Saturday, April 25, 2015
Understanding the Gap in Special Education Enrollments Between Charter and Traditional Public Schools
A widely cited report by the federal Government Accountability Office found that charter schools enroll a significantly smaller percentage of students with disabilities than do traditional public schools. However, thus far no hard evidence exists to definitively explain or quantify the disparity between special education enrollment rates in charter and traditional public schools.
This article uses student-level data from Denver, Colorado, to map the creation and growth of the special education gap in elementary and middle school grades.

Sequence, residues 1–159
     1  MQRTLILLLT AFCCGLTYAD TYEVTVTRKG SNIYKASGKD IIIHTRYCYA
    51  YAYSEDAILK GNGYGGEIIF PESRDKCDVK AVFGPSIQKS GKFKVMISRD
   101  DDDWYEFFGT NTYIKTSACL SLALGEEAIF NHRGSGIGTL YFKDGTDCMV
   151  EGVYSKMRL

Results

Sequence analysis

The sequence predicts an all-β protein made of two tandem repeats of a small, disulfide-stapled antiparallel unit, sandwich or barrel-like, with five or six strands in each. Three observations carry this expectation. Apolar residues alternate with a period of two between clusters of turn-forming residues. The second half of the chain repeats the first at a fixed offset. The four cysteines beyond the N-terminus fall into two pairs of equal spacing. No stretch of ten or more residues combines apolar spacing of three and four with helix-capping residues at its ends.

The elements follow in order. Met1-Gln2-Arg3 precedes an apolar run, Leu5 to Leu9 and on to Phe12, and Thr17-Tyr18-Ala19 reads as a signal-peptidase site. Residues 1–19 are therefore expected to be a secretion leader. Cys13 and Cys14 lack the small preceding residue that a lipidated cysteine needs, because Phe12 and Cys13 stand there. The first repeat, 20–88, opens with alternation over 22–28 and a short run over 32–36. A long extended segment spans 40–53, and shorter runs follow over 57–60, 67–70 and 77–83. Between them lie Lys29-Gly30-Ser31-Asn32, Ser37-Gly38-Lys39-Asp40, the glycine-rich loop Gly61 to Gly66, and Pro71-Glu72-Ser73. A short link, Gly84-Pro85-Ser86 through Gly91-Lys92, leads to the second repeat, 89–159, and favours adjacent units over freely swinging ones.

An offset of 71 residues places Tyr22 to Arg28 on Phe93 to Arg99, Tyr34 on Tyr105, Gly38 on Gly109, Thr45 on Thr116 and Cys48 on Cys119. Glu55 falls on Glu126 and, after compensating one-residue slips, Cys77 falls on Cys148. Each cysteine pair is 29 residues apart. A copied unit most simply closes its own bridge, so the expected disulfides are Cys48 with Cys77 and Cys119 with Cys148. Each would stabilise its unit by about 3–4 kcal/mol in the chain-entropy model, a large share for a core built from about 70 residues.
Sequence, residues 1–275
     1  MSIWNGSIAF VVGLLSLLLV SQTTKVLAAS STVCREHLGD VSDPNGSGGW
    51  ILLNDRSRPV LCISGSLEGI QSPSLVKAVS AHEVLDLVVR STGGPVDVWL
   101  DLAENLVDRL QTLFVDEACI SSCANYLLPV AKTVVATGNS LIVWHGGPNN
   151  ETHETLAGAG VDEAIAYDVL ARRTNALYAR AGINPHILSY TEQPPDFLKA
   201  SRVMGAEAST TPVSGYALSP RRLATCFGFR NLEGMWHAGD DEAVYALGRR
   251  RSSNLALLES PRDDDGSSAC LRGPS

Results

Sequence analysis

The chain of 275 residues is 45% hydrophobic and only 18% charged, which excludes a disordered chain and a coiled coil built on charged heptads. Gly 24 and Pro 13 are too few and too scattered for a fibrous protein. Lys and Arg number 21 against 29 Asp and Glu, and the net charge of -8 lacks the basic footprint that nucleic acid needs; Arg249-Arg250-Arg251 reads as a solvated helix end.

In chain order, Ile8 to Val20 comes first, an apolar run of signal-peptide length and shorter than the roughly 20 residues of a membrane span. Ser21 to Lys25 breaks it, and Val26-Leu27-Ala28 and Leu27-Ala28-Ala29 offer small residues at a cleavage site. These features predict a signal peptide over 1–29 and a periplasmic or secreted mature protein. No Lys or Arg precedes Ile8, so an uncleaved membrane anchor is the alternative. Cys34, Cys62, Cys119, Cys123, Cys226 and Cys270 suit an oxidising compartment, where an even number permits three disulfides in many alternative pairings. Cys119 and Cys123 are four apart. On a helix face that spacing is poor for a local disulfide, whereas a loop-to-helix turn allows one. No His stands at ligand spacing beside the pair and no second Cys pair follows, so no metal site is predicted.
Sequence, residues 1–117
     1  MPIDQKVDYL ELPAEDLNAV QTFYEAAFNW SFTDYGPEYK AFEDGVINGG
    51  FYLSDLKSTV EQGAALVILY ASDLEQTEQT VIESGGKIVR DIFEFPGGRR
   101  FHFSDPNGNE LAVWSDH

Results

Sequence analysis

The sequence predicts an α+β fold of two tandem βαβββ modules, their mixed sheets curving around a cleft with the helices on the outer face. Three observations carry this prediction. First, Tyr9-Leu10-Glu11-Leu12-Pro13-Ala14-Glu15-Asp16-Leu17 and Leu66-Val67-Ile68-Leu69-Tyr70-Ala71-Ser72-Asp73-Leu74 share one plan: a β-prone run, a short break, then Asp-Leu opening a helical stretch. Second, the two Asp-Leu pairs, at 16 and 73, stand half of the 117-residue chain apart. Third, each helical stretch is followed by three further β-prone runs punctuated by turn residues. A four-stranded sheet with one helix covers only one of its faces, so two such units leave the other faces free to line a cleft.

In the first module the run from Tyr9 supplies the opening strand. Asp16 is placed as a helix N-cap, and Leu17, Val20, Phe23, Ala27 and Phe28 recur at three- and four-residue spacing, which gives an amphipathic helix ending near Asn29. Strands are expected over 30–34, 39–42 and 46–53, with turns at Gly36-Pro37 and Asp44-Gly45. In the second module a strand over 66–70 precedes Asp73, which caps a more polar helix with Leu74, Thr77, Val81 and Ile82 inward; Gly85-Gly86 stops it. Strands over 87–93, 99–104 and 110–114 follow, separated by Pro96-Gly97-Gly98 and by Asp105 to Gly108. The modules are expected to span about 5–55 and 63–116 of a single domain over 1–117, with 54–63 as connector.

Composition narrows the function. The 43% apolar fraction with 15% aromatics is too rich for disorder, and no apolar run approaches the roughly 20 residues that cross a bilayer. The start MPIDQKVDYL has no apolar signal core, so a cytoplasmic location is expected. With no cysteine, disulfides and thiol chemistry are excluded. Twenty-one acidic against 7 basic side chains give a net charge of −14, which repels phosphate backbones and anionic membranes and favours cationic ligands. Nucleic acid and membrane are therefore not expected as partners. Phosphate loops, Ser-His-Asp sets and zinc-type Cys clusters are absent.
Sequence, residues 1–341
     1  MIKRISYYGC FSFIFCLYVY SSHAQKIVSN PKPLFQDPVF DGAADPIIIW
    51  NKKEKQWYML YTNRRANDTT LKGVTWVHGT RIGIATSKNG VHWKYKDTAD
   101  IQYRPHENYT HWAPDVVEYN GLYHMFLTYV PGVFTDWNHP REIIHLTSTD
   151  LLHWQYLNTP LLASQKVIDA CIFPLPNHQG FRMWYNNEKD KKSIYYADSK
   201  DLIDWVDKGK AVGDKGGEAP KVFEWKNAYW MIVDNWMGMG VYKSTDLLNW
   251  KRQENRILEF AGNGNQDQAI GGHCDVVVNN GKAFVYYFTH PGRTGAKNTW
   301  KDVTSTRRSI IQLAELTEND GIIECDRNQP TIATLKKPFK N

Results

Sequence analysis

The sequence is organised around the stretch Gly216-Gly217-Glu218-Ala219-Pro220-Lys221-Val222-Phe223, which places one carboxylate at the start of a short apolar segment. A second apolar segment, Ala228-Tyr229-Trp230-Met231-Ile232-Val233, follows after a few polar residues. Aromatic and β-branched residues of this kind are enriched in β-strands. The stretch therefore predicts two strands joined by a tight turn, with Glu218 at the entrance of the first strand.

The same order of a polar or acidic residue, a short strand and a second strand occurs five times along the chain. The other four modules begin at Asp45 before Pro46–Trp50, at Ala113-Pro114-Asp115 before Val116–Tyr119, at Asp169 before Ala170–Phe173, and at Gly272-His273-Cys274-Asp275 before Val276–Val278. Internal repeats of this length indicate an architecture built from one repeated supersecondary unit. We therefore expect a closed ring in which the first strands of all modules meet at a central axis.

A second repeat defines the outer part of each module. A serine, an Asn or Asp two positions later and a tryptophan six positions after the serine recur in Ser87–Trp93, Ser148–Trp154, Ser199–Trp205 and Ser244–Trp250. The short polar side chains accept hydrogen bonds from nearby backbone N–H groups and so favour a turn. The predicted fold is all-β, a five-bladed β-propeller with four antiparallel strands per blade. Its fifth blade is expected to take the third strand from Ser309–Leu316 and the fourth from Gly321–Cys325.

The gap begins because students with disabilities are less likely to apply to charter schools in gateway grades than are nondisabled students. However, the special education gap in Denver elementary schools more than doubles as students progress between kindergarten and the fifth grade. About half of the growth in the gap in elementary grades (46%) occurs because of classification differences across sectors. The remaining 54% of the growth in the gap in elementary grades is due to differences in student mobility across sectors. However, the gap does not primarily grow—and in fact tends to shrink—due to the movement of students with disabilities across sectors and out of the city’s school system. Rather, the impact of student mobility on the gap is driven primarily by nondisabled students: Regular enrollment students are more likely to enter into charter schools, thus disproportionately reducing the percentage of students with disabilities within the charter sector.